you have an 80% chance, a four out of five risk
of becoming overweight or obese as an adult.
- [Jason] Another contributor to today's out-of-shape kids
is something previous generations didn't have to deal with.
Technology, iPads, iPhones, computers, laptops,
and of course the old standby television,
all play key roles to unhealthy living.
- Sitting in front of a screen or using a screen
is going to mean more sedentary time.
♪ Stick together all the time
- [Jason] Enter the Cyberchase Step It Up! Challenge.
Now in its second year, the program aims to inspire kids
and educators to find small opportunities
to work more steps into their daily routines.
The goal here in Charlotte, to get 600 second through
fifth graders to participate in the program.
- The overall goal is to increase children's
- [Jason] WTVI was one of eight PBS stations nationwide
selected to take part in this year's program.
- The response I got was overwhelming.
- [Jason] Beverly Dorn-Steele was PBS Charlotte's
Education and Outreach director.
She contacts CMS afterschool programs and area
Boys and Girls Clubs to gage their interest.
- One by one my email just started jumping off
with one response after another.
I would like to participate, how do I sign up?
When do we begin?
- [Jason] In March, Ms. Bev held an organizational
meeting where swag bags with all kinds of goodies
were handed out, including the most important part,
the pedometers to keep track of those steps.
- From going to the first meeting to finding out
what this was all about, I was excited.
- [Jason] In all, 15 CMS afterschool programs
and five Boys and Girls Clubs signed up for the
five week initiative.
- Hopefully, we will have hundreds and thousands of steps.
- [Jason] Many of the afterschool programs offer kids
incentives with weekly prizes.
- Every time somebody becomes the stepper of the week,
their certificate goes on the board or the door of
the classroom wherever they're at.
And so they get to see how many steps that person
actually made, and they actually need to be like,
"oh I'm gonna get more than they did."
So yes, it's exciting for them.
- Last week, I got first place in my group for steps.
- [Jason] Jaslynn Neals leads here after schoolers
at Parkside Elementary School at Mallard Creek
in organized dances.
Outside, kids play kickball, shoots some hoops,
and swing on the jungle gym, all while keeping
track of those steps.
- They love it.
The minute they put them on, they just moving
their little feet, they'll sit down at the table,
move their little feet, and they'll move their
- [Jason] At the west side Boys and Girls Club
at the Southview Recreation Center, after school
students are always excited to head outside.
Warmups include jumping jacks and running in place.
But there's also fun like a limbo contest.
- I heard a couple of kids going back and forth
saying well I had X amount of steps per day,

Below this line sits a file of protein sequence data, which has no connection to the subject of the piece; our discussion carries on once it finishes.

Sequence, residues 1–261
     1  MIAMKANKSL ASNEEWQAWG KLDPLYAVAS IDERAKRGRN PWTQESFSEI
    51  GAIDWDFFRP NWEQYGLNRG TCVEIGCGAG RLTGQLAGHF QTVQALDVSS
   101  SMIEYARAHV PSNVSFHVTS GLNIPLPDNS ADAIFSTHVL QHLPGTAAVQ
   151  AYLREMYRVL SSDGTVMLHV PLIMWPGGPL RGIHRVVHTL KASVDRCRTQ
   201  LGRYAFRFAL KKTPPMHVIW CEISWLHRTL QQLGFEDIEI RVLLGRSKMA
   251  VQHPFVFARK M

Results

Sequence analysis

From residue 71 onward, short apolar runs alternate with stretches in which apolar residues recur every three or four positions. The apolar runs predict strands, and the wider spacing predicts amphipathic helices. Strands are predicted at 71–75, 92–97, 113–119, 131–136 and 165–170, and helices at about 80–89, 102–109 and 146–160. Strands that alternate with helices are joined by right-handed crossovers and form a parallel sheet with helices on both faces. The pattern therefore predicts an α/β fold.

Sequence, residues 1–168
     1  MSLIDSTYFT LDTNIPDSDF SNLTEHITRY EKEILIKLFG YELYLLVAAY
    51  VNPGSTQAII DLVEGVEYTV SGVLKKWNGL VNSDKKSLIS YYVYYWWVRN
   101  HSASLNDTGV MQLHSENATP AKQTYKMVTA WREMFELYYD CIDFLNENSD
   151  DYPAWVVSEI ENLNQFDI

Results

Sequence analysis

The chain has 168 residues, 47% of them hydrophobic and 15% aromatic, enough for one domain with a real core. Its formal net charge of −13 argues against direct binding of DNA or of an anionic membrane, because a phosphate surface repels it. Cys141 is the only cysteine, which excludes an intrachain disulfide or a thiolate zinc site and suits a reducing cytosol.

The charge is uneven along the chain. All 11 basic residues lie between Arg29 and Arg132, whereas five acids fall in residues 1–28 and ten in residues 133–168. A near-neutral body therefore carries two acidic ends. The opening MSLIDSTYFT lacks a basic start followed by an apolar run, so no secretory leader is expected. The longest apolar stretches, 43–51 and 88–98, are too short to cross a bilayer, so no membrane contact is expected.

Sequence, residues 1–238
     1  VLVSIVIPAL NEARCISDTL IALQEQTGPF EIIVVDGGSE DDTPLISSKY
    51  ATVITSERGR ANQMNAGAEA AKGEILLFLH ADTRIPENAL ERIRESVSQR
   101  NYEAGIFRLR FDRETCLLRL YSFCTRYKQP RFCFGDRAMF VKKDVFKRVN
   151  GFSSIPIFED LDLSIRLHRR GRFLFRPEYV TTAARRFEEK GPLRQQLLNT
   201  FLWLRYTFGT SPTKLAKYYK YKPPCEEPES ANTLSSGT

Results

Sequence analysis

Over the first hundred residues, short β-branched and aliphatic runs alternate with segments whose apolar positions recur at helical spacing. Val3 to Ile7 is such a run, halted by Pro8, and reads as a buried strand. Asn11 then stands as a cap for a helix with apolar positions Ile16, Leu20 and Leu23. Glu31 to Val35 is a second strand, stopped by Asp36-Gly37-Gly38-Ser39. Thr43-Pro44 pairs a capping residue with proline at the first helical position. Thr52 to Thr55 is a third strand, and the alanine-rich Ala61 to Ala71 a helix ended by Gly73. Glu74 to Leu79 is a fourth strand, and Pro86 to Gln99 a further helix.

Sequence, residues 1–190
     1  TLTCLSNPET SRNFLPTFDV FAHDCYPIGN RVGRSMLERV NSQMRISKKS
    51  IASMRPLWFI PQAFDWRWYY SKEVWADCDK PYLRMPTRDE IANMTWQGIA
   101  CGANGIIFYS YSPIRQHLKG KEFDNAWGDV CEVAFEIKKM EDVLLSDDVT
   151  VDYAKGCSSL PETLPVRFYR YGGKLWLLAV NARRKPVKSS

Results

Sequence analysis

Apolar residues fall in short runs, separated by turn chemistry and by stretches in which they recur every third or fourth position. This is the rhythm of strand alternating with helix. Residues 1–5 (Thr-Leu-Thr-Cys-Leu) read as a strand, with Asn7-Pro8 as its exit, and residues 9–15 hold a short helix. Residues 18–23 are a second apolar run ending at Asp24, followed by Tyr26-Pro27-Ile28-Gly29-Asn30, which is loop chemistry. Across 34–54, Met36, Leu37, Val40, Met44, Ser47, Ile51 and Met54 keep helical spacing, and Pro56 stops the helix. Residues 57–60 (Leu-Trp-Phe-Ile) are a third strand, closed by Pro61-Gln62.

looking at the end of the week just getting excited
about looking at their total numbers.
- Gonna do head, head, hip, hip.
- [Jason] At Hawk Ridge Elementary School in (mumbles),
Beverly Terry teaches kids the steps for the
hit song, Happy.
They also dance the Whip and Nae Nae.
And the Cha Cha Slide.
- Looking in the hallway when they were waiting on their
group to get out of the bathroom or to go outside,
you can see them marching and those little
- [Jason] Helping to inspire kids at Hawk Ridge,
a giant homemade Step It Up poster complete
with inspirational messages the kids wrote themselves.
- We said just keep moving, just keep moving.
- [Jason] The Step It Up Challenge also allowed kids
to work on math skills, adding up daily and weekly steps
and dividing to figure out averages.
And as for those grand totals, remember the goal
was 600 kids, 789 took part.
- With those 789 students, we have totaled 28,442,205.
- [Jason] That comes out to more than 36,000 steps
per student, and that's just in five weeks.
- I have to honestly say in my 36 years here
at PBS Charlotte, this has been the most
invigorating and engaging project to date.
- I want to take this time to tell Ms. Beverly, thank you
for allowing us to be a part of the program.
I think it did a wonderful job with these kids.
It's also something that we can do to continue,
using the pedometers through our summer camp.
- [Jason] Studies show that increasing activity
decreases risks of heart disease and diabetes,
while also increasing energy levels,
not only for kids, but for all of us.
For Carolina Impact, I'm Jason Terzis reporting.
- Thanks so much, Jason.
The Cyberchase Step It Up Challenge was made possible
thanks to a grant from 13 Productions
and Tufts University.
Well, please, be sure to like us on Facebook.
You'll find previews of local and national shows there.
We always like to have some fun with Facebook Live
on Thursday mornings previewing what's coming up
on the next Carolina Impact.
And you'll meet some of the special folks
touring our studio.
We had a great group of home schoolers today,
field trip friends of the county and the surround area.
So we were very happy to have those great kids
with us for the show.
Please, don't miss out on all the fun, and like our page.
Well, that does it for us tonight.
Thanks so much for your time.
We always appreciate it.
And we look forward to seeing you back here again next time
on Carolina Impact.
Good night my friends.
(easy listening music)
- [Man] A production of PBS Charlotte.